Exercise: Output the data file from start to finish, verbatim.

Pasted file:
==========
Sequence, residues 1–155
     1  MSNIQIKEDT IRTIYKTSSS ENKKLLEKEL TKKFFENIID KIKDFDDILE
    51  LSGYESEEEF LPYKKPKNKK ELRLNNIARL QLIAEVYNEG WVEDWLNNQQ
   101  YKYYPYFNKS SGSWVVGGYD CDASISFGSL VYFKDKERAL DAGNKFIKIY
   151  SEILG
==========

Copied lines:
Sequence, residues 1–155
     1  MSNIQIKEDT IRTIYKTSSS ENKKLLEKEL TKKFFENIID KIKDFDDILE
    51  LSGYESEEEF LPYKKPKNKK ELRLNNIARL QLIAEVYNEG WVEDWLNNQQ
   101  YKYYPYFNKS SGSWVVGGYD CDASISFGSL VYFKDKERAL DAGNKFIKIY
   151  SEILG